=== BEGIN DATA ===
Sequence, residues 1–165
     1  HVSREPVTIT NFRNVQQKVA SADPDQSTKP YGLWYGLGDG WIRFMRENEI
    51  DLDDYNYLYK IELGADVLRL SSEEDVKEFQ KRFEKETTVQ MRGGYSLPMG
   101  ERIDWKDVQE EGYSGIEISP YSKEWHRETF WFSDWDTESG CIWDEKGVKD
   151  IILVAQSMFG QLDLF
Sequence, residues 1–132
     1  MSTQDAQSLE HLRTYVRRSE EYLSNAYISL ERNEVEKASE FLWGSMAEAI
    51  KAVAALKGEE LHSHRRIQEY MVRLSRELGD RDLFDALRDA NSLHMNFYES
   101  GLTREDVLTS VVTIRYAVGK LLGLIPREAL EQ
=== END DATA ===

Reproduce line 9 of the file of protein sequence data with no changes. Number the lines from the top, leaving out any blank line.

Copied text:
   101  GLTREDVLTS VVTIRYAVGK LLGLIPREAL EQ